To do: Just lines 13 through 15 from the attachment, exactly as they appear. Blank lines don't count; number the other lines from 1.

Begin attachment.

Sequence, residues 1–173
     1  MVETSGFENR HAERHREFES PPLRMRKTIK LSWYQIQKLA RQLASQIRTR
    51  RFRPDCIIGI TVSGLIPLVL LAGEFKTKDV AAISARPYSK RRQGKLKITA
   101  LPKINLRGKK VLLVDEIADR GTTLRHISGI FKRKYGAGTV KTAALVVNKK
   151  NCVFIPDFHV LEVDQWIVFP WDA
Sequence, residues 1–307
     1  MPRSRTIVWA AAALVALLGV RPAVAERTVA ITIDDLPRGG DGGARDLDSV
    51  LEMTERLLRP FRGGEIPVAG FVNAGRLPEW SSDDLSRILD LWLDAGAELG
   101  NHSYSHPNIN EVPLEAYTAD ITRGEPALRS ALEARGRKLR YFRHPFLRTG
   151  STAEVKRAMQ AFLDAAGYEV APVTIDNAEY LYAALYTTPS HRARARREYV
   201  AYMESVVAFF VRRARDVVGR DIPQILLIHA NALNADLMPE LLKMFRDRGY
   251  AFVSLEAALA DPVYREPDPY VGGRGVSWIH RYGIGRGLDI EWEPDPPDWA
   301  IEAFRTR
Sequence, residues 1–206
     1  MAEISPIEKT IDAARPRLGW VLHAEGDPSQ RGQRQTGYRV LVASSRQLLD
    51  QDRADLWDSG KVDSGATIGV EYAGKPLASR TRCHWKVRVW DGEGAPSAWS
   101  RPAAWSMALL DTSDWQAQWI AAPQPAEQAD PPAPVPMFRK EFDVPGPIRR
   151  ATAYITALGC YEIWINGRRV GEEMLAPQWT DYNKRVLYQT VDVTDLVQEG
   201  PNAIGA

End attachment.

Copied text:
   301  IEAFRTR
Sequence, residues 1–206
     1  MAEISPIEKT IDAARPRLGW VLHAEGDPSQ RGQRQTGYRV LVASSRQLLD